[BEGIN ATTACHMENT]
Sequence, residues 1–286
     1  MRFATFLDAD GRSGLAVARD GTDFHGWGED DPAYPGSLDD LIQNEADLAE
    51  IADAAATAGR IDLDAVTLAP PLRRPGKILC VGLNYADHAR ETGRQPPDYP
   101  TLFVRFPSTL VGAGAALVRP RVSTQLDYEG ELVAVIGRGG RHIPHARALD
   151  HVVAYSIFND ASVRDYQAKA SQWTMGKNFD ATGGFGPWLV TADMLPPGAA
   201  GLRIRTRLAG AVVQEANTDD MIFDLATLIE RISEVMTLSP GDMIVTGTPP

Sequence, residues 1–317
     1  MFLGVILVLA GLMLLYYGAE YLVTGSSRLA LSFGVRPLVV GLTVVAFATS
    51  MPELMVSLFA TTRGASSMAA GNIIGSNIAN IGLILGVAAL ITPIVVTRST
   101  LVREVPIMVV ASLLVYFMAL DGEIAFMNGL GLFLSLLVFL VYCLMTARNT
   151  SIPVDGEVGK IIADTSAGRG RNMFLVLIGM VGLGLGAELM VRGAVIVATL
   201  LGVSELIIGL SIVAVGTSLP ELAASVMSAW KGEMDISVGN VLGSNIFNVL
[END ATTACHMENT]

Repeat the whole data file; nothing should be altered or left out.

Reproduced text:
Sequence, residues 1–286
     1  MRFATFLDAD GRSGLAVARD GTDFHGWGED DPAYPGSLDD LIQNEADLAE
    51  IADAAATAGR IDLDAVTLAP PLRRPGKILC VGLNYADHAR ETGRQPPDYP
   101  TLFVRFPSTL VGAGAALVRP RVSTQLDYEG ELVAVIGRGG RHIPHARALD
   151  HVVAYSIFND ASVRDYQAKA SQWTMGKNFD ATGGFGPWLV TADMLPPGAA
   201  GLRIRTRLAG AVVQEANTDD MIFDLATLIE RISEVMTLSP GDMIVTGTPP

Sequence, residues 1–317
     1  MFLGVILVLA GLMLLYYGAE YLVTGSSRLA LSFGVRPLVV GLTVVAFATS
    51  MPELMVSLFA TTRGASSMAA GNIIGSNIAN IGLILGVAAL ITPIVVTRST
   101  LVREVPIMVV ASLLVYFMAL DGEIAFMNGL GLFLSLLVFL VYCLMTARNT
   151  SIPVDGEVGK IIADTSAGRG RNMFLVLIGM VGLGLGAELM VRGAVIVATL
   201  LGVSELIIGL SIVAVGTSLP ELAASVMSAW KGEMDISVGN VLGSNIFNVL